into much detail (likely to fail on this one), but here's the idea I

After reading about existing GTD software tools I made the following

* There are GUI tools
* There are plain-text solutions
* There are pen-and-paper solutions
* There are text-based applications

GUI tools have lots of features and visual widgets, but they somehow
fail to satisfy most people. At the same time, plain text seems to
become more and more popular. After reading I made these conclusions:

* Each person has her own way of thinking, her own way of how the brain
works. Therefore, each person should have a personally tailored solution

* GUI tools, and GTD tools in general, tend to make the false assumption
of "everyone is like me" and "one size fits all", which is why most
tools fail to become widely popular.

* Emacs Org-Mode is quite successful as a GTD tool, thanks to its
flexibility and extensibility, but lacks an intuitive interface, which
limits its adoption despite the success of Org-Mode

* A next-generation tool should have the extensibility of a plain-text
system, and the convenience, ease-of-use and efficiency of a visual tool

Therefore, I decided to create a language for definition of properties
and classes, intended for be used for describing tasks, timelines,
projects, etc. This language is easy enough for non-programmers to use,
and yet is expressive enough for practical use. It borrows concepts from
RDF, OWL and scripting languages.

On top of this language there will be a set of text-based tools allowing
easy manipulation of the text. It means users can edit the files in
plain text, but also have convenient tools and utilities for easier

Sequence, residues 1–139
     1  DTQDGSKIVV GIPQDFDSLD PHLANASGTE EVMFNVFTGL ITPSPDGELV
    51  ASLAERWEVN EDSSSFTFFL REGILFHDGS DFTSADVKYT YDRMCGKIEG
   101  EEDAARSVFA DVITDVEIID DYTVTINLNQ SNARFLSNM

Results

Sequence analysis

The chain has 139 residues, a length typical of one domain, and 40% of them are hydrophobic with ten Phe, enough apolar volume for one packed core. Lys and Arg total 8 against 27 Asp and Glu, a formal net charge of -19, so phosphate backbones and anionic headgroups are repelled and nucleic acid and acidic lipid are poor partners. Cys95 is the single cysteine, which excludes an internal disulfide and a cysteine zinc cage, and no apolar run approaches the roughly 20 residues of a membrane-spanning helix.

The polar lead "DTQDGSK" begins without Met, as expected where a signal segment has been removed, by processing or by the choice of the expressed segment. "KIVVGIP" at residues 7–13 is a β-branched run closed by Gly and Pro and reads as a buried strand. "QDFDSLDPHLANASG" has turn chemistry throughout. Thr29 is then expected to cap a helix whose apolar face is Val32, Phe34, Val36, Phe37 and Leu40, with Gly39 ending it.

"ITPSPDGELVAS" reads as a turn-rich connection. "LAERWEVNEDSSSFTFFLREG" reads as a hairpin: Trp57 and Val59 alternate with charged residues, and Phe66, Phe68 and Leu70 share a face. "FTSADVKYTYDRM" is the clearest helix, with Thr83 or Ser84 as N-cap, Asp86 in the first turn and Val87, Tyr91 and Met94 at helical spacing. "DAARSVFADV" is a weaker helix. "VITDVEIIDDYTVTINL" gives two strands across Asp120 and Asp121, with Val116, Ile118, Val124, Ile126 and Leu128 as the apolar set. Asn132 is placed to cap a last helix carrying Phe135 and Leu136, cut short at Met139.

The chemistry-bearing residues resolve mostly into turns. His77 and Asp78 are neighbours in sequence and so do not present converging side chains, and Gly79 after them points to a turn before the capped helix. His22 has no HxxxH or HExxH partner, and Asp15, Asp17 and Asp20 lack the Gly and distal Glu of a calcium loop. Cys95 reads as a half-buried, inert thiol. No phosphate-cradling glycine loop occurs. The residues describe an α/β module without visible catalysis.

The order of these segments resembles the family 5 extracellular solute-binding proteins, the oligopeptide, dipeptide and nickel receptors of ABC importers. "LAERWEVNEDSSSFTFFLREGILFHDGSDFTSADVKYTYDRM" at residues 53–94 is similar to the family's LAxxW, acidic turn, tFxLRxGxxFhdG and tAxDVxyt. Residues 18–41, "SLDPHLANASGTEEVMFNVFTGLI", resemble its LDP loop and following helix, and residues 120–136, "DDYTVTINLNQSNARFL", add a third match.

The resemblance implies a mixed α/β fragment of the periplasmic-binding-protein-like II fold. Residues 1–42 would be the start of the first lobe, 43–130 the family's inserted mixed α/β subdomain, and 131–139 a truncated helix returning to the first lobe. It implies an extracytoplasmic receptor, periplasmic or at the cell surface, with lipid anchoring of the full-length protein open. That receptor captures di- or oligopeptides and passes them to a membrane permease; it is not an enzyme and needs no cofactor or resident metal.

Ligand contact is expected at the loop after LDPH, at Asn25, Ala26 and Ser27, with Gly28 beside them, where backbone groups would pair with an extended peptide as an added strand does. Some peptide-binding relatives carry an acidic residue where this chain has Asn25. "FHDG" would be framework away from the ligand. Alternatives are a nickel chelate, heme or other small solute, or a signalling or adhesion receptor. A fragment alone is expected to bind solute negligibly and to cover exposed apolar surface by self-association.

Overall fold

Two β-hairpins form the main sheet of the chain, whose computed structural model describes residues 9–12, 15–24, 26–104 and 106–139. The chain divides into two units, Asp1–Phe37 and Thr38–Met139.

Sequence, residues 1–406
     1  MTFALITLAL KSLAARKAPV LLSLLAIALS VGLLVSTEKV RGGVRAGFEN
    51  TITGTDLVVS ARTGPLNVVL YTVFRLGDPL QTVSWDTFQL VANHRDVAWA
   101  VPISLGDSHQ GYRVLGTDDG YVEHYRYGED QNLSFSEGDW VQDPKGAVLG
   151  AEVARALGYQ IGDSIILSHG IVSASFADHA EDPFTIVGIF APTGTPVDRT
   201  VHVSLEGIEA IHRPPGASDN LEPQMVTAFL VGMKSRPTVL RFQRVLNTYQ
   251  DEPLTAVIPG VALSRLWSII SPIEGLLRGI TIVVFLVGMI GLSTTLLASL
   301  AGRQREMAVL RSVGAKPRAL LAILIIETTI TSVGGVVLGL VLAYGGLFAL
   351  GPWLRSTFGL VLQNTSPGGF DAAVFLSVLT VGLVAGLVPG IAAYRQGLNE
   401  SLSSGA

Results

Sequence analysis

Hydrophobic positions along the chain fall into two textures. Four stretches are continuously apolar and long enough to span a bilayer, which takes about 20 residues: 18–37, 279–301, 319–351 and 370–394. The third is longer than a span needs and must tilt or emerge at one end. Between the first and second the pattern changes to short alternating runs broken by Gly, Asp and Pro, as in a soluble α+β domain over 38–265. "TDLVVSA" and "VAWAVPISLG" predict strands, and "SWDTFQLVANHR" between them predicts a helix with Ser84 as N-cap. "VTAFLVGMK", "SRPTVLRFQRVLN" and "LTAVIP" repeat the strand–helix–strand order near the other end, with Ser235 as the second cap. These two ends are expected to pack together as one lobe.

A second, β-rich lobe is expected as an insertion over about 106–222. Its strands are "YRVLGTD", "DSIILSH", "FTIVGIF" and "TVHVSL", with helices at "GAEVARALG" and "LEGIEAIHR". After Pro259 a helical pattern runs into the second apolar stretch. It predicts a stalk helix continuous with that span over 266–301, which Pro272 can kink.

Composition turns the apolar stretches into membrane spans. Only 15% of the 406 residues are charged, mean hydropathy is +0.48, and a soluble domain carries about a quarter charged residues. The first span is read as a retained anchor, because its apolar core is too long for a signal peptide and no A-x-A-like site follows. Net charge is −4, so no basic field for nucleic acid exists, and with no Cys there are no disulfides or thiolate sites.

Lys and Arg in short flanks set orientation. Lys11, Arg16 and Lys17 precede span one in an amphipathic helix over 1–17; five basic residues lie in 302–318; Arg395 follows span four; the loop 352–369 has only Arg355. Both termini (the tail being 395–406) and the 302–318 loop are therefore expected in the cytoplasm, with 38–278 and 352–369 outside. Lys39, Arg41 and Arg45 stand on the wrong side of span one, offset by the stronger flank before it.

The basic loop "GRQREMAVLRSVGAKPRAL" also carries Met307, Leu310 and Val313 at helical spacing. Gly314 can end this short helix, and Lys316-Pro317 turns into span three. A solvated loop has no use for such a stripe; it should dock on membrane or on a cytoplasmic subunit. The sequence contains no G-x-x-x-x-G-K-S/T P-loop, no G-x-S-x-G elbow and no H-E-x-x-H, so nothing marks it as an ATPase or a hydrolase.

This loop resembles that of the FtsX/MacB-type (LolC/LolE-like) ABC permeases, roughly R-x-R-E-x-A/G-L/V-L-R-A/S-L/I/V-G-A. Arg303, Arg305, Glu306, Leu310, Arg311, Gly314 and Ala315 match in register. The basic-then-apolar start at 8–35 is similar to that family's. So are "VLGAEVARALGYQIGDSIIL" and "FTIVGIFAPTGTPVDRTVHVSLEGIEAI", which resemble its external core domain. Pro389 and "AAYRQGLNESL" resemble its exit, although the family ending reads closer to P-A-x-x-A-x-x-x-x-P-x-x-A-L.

processing and visualization, similar to Org-Mode.

On top of that there may be task/project-related definitions, a
specialized text editor and/or Gedit plugins, and a flexible GUI app
which replaces the "one for all" concept with a "personally tailored to
a user's mental model" concept, which seems to work very successfully
with plain text and Emacs Org-Mode.

Existing free software I found:

- Gedit (Gnome's plain text editor, extensible with plugins)
- Emacs Org-Mode

That's all. All other tools, including all GTD and To-do apps for
Gnome/GNU, are either scripts intended for power users, or have a
limited scope which is not flexible enough to customize.

An existing GUI app for GTD called Getting Things Gnome (GTG) has great
potential, but I'd like to back it up using a flexible text-based
approach which is then used to describe semantic entities and attach
them to program objects. This would supply both the flexibility of text,
the convenience of GUI and automatic translation to RDF, which means
instant Semantic Desktop integration (using Tracker and Zeitgeist).

*** The Question ***

My question is, what do you think? Does this idea sound useful? To me
personally, it seems to fill the gap between plain text (which has no
visualization and productivity utilities) and convenient GUI (which
current is mostly not flexible enough).

NOTE: Non-free software already exists, which uses plain text as a
backend, such as Taskpaper: